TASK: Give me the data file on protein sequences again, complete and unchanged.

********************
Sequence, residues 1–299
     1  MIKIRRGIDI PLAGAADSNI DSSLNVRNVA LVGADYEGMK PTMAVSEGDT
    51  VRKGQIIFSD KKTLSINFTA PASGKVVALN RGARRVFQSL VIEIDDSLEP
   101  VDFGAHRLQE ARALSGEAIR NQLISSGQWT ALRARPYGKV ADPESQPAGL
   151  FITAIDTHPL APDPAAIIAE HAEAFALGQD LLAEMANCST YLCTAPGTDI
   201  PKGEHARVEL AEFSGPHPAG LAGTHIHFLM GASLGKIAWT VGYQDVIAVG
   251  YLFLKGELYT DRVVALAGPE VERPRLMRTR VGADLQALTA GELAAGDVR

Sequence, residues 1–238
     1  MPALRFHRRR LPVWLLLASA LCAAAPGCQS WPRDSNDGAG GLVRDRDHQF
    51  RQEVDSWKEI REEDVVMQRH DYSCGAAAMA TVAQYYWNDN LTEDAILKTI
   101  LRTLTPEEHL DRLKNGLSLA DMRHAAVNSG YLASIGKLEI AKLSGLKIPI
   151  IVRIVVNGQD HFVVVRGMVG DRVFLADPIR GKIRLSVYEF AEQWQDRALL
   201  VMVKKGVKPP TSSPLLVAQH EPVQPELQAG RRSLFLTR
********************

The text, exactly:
Sequence, residues 1–299
     1  MIKIRRGIDI PLAGAADSNI DSSLNVRNVA LVGADYEGMK PTMAVSEGDT
    51  VRKGQIIFSD KKTLSINFTA PASGKVVALN RGARRVFQSL VIEIDDSLEP
   101  VDFGAHRLQE ARALSGEAIR NQLISSGQWT ALRARPYGKV ADPESQPAGL
   151  FITAIDTHPL APDPAAIIAE HAEAFALGQD LLAEMANCST YLCTAPGTDI
   201  PKGEHARVEL AEFSGPHPAG LAGTHIHFLM GASLGKIAWT VGYQDVIAVG
   251  YLFLKGELYT DRVVALAGPE VERPRLMRTR VGADLQALTA GELAAGDVR

Sequence, residues 1–238
     1  MPALRFHRRR LPVWLLLASA LCAAAPGCQS WPRDSNDGAG GLVRDRDHQF
    51  RQEVDSWKEI REEDVVMQRH DYSCGAAAMA TVAQYYWNDN LTEDAILKTI
   101  LRTLTPEEHL DRLKNGLSLA DMRHAAVNSG YLASIGKLEI AKLSGLKIPI
   151  IVRIVVNGQD HFVVVRGMVG DRVFLADPIR GKIRLSVYEF AEQWQDRALL
   201  VMVKKGVKPP TSSPLLVAQH EPVQPELQAG RRSLFLTR